Average markup revenue per imm dose (non-VFC):  The AAP Business Case for Vaccines recommends that payments be at least 125% of the CDC private sector price, i.e. 25% markup revenue for this field.

The calculation in this row, “Total immunization revenue per year,” is the sum of both Medicaid (VFC) and commercial lines of business.

  • Medicaid vaccine revenue assumes all Medicaid vaccines given are VFC, and the revenue is the product of the number of vaccines given (row 5, factor 1) times the practice’s Medicaid percentage (row 4, factor 2) times the practice’s non-Medicaid immunization admin revenue per immunization (row 5, factor 2) times the % Medicaid payment adjustment factor (row 4, factor 1).
  • Non-Medicaid vaccine revenue includes the product of the number of non-Medicaid vaccines given times the non-Medicaid immunization admin revenue factor.  It also includes the number of non-Medicaid vaccines given times the average immunization purchase cost per product (row 5, factor 3) increased by the average markup revenue per imm dose (row 5, factor 4).

6th row: Revenue Summary

The first calculation in this row, “Total revenue per year,” is the sum of “Total nonvaccine revenue” and “Total immunization revenue per year.

The second calculation in this row, “Average revenue per visit (with vaccines)” is “Total revenue per year” divided by the “Total encounters per year” (row 1, factor 5).

7th row: Salary Summary

Practice overhead:  This represents all expenses not ascribed to the physician that are required to run the practice:  staff salary and benefits, rent, utilities, vaccines and medical supplies, equipment, furniture, computers, and so on.   Pediatric practices usually range between 50-75% overhead. A larger number is not necessarily bad if it means more net revenue is generated.

Collections:  Practices rarely collect all revenue that is legitimately due them.  This figure, commonly called “net collections,” represents the amount of generated revenue that was allowable and collected.  Because the rest of the practice overhead must be paid first, collection discounts are applied to entirely to the physician salary, not overhead.  That is, a drop in collections rate of 3% may drop the physician’s salary by 10% or more.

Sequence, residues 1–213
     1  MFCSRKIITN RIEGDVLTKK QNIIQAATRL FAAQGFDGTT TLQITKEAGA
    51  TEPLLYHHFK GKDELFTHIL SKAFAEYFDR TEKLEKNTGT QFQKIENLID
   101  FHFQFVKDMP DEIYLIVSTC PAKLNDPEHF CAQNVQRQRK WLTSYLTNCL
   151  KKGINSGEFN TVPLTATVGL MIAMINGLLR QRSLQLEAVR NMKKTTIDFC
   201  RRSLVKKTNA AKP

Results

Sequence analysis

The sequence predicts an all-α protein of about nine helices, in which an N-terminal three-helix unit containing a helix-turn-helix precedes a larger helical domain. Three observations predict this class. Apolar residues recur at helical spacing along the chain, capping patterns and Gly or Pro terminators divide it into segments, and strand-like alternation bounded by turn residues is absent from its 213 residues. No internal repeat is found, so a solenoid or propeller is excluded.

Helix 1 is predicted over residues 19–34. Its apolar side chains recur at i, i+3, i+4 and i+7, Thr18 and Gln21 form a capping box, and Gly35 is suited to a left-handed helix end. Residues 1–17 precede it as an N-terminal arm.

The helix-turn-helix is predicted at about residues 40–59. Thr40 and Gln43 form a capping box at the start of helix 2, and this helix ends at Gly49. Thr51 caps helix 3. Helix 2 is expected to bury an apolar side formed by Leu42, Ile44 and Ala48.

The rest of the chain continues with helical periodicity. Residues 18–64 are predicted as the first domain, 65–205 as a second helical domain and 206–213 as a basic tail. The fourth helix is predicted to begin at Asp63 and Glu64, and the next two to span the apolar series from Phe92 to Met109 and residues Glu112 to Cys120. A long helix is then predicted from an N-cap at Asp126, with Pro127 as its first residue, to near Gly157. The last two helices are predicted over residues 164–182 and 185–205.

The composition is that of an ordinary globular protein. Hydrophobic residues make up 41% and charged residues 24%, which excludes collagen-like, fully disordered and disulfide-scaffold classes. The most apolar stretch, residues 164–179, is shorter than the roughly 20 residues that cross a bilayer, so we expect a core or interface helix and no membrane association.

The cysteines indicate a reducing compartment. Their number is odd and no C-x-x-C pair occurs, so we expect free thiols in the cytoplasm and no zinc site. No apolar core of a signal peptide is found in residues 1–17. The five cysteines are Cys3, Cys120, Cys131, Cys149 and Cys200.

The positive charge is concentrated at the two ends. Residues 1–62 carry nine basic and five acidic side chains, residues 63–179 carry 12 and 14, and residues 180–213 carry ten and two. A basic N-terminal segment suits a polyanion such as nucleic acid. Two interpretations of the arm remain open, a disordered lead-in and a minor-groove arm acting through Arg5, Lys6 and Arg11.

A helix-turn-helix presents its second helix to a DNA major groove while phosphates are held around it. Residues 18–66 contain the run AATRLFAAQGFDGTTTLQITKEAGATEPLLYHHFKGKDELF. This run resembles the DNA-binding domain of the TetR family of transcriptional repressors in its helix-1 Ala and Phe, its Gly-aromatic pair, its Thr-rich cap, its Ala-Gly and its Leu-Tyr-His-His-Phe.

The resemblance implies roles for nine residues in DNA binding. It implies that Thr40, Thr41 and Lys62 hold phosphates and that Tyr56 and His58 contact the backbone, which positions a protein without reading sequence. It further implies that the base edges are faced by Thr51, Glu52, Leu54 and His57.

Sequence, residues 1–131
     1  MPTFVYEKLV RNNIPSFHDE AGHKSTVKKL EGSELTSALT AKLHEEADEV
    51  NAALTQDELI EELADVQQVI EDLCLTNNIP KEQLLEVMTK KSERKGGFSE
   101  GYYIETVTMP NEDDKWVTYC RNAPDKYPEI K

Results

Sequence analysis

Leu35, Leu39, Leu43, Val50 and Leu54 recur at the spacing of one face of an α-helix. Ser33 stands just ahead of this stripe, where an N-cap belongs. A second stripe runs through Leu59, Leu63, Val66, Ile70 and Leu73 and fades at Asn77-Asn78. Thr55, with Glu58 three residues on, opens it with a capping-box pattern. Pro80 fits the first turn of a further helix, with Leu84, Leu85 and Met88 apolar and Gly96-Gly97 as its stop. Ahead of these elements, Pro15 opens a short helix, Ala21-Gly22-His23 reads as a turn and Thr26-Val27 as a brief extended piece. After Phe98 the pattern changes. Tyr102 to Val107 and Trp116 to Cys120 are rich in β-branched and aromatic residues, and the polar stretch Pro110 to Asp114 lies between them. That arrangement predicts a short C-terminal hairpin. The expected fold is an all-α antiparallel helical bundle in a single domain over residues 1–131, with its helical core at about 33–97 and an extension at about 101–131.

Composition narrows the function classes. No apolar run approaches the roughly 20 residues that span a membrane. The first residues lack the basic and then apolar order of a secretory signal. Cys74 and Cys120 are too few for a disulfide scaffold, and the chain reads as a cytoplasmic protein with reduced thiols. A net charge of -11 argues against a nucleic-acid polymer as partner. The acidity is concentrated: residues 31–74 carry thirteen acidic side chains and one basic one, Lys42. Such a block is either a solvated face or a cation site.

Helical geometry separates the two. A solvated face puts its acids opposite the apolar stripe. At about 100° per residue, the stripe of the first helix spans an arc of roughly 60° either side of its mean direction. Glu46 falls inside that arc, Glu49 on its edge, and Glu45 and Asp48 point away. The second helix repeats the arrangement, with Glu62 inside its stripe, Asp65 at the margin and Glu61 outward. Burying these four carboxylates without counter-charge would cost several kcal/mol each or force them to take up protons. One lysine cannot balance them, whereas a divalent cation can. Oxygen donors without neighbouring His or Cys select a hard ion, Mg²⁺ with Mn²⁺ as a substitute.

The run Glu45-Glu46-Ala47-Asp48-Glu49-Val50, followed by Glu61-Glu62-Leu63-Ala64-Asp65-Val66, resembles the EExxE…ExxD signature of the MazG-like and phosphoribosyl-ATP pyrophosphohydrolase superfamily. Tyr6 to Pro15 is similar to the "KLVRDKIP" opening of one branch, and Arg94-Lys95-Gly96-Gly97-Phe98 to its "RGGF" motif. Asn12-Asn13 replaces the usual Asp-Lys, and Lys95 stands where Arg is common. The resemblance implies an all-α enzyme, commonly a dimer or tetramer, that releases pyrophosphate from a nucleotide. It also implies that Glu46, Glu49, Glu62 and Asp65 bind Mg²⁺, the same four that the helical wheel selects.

Benefits: This includes all non-salary costs associated with the physician that have not already been accounted in the overhead figure.  Typically this includes physician employment taxes, medical malpractice insurance, health insurance, other supplemental insurances (such as dental and vision), an HSA or other spending account, practice contributions to the physician’s retirement fund, a CME allowance, or other personal benefits.

The first calculation in this row, “Available for salary,” represents the amount of revenue generated by a physician that remains after overhead has been paid, collections have been adjusted, and benefits have been paid.

The second calculation in this row, “Salary/hour,” represents the “Available for salary” figure divided by the total number of hours worked.  The total number of hours worked assumes 8 hour days times the number of days worked per week (row 1, factor 3) times the number of weeks worked per year (row 1, factor 4).